AFTON, Minn.— OK, so first thing before we get to the business at hand: has Manhandler always been this hard?
Well, actually yes it has—we've just been a little spoiled these past few years. Because for at least the last three years, we just haven't climbed the *full* length of the Manhandler in the Minnesota Mountain Bike Series races.
But there the full Manhandler was Sunday, in its full quad-and-lung-busting splendor, crushing the pride and spirits of several racers Sunday—just like we knew that it would.
Race Director Scott Finne decided to include the full awesomeness of the grueling climb this year because this year's race was being held at the end of July instead of the beginning of June.
"Usually this is one of the first races and nobody has the legs for it," Finne said. "But since this is the end of July, I thought it made sense. I used to do it when I raced. No reason why we shouldn't."
Not that this was a bad thing: Climbing is all a part of the real mountain biking deal, and Sunday's descents indubitably gave meaning to the phrase "No Pain, No Gain."
Because, truth told, in the more than dozen years I've been personally racing the MnMTB scene, I can't recall a more perfect Afton race. (OK—the 2003 24-Hours of Afton *maybe* tops it—but I'm sentimental about that year).
Afton Alps—as any longtime Minnesota racer knows—holds a unique place in our collective hearts.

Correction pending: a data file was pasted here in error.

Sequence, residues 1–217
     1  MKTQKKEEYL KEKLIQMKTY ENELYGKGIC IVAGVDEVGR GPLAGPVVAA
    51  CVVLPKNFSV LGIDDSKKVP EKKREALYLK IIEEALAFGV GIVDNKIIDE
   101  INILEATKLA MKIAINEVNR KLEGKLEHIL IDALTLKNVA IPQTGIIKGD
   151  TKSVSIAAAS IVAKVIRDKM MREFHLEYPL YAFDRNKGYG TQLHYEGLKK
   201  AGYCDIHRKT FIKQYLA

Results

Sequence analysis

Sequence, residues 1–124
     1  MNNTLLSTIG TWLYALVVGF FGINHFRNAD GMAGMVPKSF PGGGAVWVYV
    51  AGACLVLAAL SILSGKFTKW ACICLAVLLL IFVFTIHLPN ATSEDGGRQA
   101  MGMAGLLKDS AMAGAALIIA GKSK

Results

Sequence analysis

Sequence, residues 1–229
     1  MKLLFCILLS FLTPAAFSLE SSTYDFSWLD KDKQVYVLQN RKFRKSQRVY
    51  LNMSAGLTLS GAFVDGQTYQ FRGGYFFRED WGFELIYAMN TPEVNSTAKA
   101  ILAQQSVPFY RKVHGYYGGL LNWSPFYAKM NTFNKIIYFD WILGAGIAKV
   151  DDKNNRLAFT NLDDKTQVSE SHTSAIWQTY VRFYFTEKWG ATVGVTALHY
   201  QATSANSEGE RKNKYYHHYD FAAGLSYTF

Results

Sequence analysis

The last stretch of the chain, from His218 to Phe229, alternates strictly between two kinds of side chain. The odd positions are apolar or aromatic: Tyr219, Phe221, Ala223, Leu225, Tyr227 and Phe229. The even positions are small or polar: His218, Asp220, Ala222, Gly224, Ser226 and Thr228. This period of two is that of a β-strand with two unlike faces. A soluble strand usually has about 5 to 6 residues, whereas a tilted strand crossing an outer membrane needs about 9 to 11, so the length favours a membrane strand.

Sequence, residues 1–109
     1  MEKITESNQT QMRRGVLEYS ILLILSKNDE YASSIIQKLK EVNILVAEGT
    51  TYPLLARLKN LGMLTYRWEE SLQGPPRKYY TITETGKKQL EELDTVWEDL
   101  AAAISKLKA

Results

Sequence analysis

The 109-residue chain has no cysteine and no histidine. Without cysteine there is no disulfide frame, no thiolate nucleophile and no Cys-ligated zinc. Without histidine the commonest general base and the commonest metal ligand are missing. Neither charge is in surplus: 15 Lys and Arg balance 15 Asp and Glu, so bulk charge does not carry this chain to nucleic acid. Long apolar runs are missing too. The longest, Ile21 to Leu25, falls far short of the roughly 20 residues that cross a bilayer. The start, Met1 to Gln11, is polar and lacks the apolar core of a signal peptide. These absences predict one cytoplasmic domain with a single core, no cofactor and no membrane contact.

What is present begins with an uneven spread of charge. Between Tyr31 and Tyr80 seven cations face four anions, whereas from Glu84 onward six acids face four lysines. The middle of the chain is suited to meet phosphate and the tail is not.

From the countless 24-hour races that have been held here to this annual rite of the Minnesota summer (the race is the single longest-standing race in the Minnesota series), MN mountain bikers have probably logged more race laps here than anywhere else in the state.
"I always love Afton, but it's a love-hate relationship," laughed Penn Cycle Expert Racer Ed Alpasa. "It's survival."
Sunday showed that tough tradition is carrying over to the next generation of Minnesota bike racers as well. Sunday was team Maplelag Eleanor Magnuson's first time at Afton. She loved it—but acknowledged it was tough.
"It was a tough, tough course—but it was really fun," she said. "The descents were really challenging."
Of course, conditions had never been better—and I'm not overstating that.
Every single aspect of Sunday's race—from the trails to Scott Finne's expert direction of the race—was dynamite. That probably played a role in the more than 300-racer turnout as well.
"The weather was perfect," Finne said. "It's the end of July and no humidity, zero percent chance of rain, 73 degrees.
"It couldn't have been better."
Troy Melhus is a Saint Paul writer and rider for the Peace Coffee Racing Team. He can be reached at firstname.lastname@example.org.
Tag(s): Series News & Events